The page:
Federal Election Commission Chair Decries FEC’s Inability to Enforce Campaign Finance Laws

Published on October 14, 2019 by Athena Pallas

First, let’s note that the Federal Election Commission (FEC) currently only has three of its six commissioner posts occupied, which means it does not even have enough commissioners, i.e. four, to make a quorum, so it cannot conduct official business. Then let’s note that it is President Trump’s job to fill those posts, and it is unclear when Trump will at least appoint a fourth commissioner, to replace FEC vice chairman Matthew Petersen, who left in August. In its current state, where it cannot form a quorum, the FEC can only do basic administrative tasks and cannot even investigate possible campaign violations, let alone enforce campaign finance laws.

FEC chair Ellen Weintraub is now decrying this status of the FEC, especially in light of campaign finance violations being in the forefront of the news, including with the arrest of two of Rudy Giuliani’s associates for alleged campaign finance violations in part benefiting the Trump campaign. Weintraub said in an interview with The Washington Post, according to The Hill, “When campaign finance issues are on the front pages of the newspaper every single day, this is a particularly bad time for the FEC not to have a quorum and not be able to respond to enforcement matters, not to be able to have new rulemaking or issue advisory opinions.” While the FEC’s position is currently troubled due to that lack of a quorum, Weintraub asserted, however, that the law is clear when it comes to foreign assistance in elections not being allowed, with Weibtraub saying earlier this month, according to The Hill, “The law is pretty clear. It is absolutely illegal for anyone to solicit, accept or receive anything of value from a foreign national in connection with any election in the United States.” According to The Hill:

Federal Elections Commission (FEC) chair Ellen Weintraub lamented the board’s inability to enforce campaign finance law in the U.S., saying in a new interview there “may well be a lot of money that is slipping into our system that we just don’t know about.”…She also also addressed the struggles her agency’s faced in light of FEC vice chairman Matthew Petersen’s decision to resign in August, leaving the FEC with only three commissioners out of six seats. The move resulted in the organization being short of a quorum, which is necessary for it to conduct official business. It is unclear when Trump will appoint another chairman. …The lack of quorum means the agency is unable complete investigations into possible campaign violations, audit campaign committees or make new rules. According to guidelines released in 2008, the FEC can only conduct basic administrative functions without four chairs.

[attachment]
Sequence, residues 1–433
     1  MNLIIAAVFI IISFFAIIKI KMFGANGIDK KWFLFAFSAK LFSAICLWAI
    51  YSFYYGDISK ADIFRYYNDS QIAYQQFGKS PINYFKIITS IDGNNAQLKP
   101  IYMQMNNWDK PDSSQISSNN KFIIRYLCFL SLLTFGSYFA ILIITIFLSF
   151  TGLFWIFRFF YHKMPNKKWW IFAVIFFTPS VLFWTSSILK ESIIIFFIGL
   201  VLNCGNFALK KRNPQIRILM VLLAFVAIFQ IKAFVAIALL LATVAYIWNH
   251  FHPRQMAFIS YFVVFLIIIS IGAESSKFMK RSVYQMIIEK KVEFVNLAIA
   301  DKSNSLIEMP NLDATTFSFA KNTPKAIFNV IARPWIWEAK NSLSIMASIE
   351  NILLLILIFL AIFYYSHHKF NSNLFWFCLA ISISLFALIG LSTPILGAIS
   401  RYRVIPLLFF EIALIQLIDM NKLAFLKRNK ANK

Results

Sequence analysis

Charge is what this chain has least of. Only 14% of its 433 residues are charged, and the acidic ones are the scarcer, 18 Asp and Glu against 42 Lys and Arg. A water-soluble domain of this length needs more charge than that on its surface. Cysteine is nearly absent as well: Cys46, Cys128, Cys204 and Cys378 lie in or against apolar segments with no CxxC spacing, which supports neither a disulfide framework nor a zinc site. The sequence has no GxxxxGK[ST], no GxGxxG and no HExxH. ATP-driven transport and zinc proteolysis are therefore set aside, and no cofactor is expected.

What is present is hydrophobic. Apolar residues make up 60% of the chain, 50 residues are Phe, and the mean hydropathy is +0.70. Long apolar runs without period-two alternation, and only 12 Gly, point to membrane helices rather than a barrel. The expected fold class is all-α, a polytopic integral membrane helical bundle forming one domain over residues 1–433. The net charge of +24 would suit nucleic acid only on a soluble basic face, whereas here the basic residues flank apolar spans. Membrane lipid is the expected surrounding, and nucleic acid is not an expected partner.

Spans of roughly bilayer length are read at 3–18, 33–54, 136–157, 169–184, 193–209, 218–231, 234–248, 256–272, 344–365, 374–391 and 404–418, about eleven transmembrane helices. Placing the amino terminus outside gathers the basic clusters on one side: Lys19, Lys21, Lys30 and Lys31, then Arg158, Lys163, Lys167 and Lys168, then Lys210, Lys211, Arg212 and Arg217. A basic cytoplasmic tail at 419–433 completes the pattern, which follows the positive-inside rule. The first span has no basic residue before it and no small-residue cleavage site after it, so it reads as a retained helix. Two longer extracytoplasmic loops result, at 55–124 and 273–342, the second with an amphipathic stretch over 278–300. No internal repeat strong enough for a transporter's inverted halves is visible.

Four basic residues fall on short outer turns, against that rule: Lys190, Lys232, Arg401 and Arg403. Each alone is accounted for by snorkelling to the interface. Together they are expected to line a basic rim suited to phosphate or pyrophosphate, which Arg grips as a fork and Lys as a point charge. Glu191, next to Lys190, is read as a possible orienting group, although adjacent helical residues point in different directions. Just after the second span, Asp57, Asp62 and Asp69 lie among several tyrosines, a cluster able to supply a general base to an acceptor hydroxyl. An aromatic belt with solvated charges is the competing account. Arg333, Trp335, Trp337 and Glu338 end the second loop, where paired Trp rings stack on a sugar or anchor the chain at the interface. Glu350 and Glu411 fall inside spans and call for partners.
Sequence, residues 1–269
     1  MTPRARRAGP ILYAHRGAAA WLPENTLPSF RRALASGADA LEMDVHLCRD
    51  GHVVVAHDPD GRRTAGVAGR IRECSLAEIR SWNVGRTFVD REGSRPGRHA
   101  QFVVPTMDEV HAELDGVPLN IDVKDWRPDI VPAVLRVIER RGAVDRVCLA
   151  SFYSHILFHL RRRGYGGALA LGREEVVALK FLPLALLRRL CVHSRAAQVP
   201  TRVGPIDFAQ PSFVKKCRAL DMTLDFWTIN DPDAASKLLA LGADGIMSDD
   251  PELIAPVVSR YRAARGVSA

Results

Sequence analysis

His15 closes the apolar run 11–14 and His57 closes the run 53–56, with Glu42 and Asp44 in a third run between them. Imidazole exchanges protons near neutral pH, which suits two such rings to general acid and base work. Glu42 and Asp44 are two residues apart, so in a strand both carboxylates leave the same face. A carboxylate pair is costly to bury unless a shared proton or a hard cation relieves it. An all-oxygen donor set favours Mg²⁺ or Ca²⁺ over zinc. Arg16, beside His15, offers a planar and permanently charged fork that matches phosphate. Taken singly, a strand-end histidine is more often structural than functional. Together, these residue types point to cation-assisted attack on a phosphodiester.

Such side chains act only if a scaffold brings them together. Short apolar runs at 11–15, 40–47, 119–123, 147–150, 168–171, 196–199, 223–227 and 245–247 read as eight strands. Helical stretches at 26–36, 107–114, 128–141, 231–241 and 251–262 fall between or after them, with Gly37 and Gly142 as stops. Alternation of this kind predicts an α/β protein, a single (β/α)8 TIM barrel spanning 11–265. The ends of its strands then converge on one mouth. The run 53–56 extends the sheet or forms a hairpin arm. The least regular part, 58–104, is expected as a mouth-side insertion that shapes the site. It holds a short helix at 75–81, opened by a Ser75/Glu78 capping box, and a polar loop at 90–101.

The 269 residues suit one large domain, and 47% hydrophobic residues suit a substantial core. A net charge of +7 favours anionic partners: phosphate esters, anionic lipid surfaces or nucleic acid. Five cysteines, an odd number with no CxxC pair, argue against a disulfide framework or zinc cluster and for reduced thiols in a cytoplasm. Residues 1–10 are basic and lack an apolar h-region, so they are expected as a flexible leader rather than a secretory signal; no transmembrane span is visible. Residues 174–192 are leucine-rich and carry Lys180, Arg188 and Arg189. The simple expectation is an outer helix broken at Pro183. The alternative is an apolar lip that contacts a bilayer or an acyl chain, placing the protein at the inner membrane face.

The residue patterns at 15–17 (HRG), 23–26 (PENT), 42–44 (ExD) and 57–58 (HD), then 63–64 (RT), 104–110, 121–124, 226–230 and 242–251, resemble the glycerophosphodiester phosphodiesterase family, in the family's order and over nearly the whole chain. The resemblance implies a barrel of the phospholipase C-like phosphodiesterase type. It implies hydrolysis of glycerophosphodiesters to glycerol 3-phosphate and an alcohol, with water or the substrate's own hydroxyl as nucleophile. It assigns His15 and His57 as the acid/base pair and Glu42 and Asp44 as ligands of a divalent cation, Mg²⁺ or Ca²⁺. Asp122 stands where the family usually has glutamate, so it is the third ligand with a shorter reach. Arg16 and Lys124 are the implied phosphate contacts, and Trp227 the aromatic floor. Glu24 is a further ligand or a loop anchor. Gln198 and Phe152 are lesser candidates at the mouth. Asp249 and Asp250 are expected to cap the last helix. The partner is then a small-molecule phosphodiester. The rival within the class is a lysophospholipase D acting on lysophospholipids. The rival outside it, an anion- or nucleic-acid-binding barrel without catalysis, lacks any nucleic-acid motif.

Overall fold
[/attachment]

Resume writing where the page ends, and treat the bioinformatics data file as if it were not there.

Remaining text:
President Trump and some of his allies face allegations, some official and many as yet unofficial, of violating campaign finance laws. The FEC is tasked with helping to investigate such violations and enforce the law when the allegations are supported. The FEC currently doesn’t have enough commissioners to be able to conduct this official business. It is President Trump’s job to appoint those commissioners, which then have to be confirmed by the Senate. Trump appears not to be in any hurry to fill the empty posts, which benefits him personally, but is a dereliction of his duty and his responsibility to protect our elections. That would seem to be a woeful conflict of interest and represent yet another area where Trump has too much of an opportunity to act out of his own interests, allowing the FEC to stay without enough commissioners to make a quorum, rather than acting in the country’s interests, ensuring that the FEC has enough commissioners to conduct official business and safeguard our elections.

Featured image via Wikimedia Commons.